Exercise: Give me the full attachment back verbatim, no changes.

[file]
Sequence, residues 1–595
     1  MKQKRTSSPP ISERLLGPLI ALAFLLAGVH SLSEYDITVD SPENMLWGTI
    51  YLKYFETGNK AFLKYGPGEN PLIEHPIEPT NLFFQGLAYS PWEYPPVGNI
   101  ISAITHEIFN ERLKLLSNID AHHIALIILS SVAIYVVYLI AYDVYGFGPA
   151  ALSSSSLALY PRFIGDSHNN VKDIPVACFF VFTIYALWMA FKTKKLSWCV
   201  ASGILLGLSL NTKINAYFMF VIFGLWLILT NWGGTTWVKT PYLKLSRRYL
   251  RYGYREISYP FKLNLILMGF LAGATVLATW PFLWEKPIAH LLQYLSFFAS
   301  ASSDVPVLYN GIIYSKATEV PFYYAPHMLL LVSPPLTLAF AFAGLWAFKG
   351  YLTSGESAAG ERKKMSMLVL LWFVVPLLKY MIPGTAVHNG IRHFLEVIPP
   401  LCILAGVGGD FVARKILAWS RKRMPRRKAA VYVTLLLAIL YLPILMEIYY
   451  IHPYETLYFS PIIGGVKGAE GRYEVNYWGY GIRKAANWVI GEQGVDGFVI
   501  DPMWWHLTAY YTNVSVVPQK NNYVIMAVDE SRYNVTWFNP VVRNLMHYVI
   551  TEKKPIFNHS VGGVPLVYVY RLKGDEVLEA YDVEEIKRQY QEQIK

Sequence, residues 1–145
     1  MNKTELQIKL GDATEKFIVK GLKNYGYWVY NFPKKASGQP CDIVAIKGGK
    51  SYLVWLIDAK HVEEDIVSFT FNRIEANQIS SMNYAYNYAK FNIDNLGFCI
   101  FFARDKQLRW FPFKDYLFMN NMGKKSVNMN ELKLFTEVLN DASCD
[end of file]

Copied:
Sequence, residues 1–595
     1  MKQKRTSSPP ISERLLGPLI ALAFLLAGVH SLSEYDITVD SPENMLWGTI
    51  YLKYFETGNK AFLKYGPGEN PLIEHPIEPT NLFFQGLAYS PWEYPPVGNI
   101  ISAITHEIFN ERLKLLSNID AHHIALIILS SVAIYVVYLI AYDVYGFGPA
   151  ALSSSSLALY PRFIGDSHNN VKDIPVACFF VFTIYALWMA FKTKKLSWCV
   201  ASGILLGLSL NTKINAYFMF VIFGLWLILT NWGGTTWVKT PYLKLSRRYL
   251  RYGYREISYP FKLNLILMGF LAGATVLATW PFLWEKPIAH LLQYLSFFAS
   301  ASSDVPVLYN GIIYSKATEV PFYYAPHMLL LVSPPLTLAF AFAGLWAFKG
   351  YLTSGESAAG ERKKMSMLVL LWFVVPLLKY MIPGTAVHNG IRHFLEVIPP
   401  LCILAGVGGD FVARKILAWS RKRMPRRKAA VYVTLLLAIL YLPILMEIYY
   451  IHPYETLYFS PIIGGVKGAE GRYEVNYWGY GIRKAANWVI GEQGVDGFVI
   501  DPMWWHLTAY YTNVSVVPQK NNYVIMAVDE SRYNVTWFNP VVRNLMHYVI
   551  TEKKPIFNHS VGGVPLVYVY RLKGDEVLEA YDVEEIKRQY QEQIK

Sequence, residues 1–145
     1  MNKTELQIKL GDATEKFIVK GLKNYGYWVY NFPKKASGQP CDIVAIKGGK
    51  SYLVWLIDAK HVEEDIVSFT FNRIEANQIS SMNYAYNYAK FNIDNLGFCI
   101  FFARDKQLRW FPFKDYLFMN NMGKKSVNMN ELKLFTEVLN DASCD